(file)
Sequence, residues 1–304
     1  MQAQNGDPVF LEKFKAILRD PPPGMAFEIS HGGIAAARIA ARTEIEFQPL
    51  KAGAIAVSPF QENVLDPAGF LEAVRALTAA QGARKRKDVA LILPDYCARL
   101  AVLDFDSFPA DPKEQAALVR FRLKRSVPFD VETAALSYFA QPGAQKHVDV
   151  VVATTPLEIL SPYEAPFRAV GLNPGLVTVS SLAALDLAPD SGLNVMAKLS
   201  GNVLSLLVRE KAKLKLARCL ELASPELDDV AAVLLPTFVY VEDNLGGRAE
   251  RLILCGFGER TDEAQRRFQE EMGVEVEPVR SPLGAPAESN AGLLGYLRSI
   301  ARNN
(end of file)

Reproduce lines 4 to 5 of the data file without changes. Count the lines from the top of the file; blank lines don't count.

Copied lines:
   101  AVLDFDSFPA DPKEQAALVR FRLKRSVPFD VETAALSYFA QPGAQKHVDV
   151  VVATTPLEIL SPYEAPFRAV GLNPGLVTVS SLAALDLAPD SGLNVMAKLS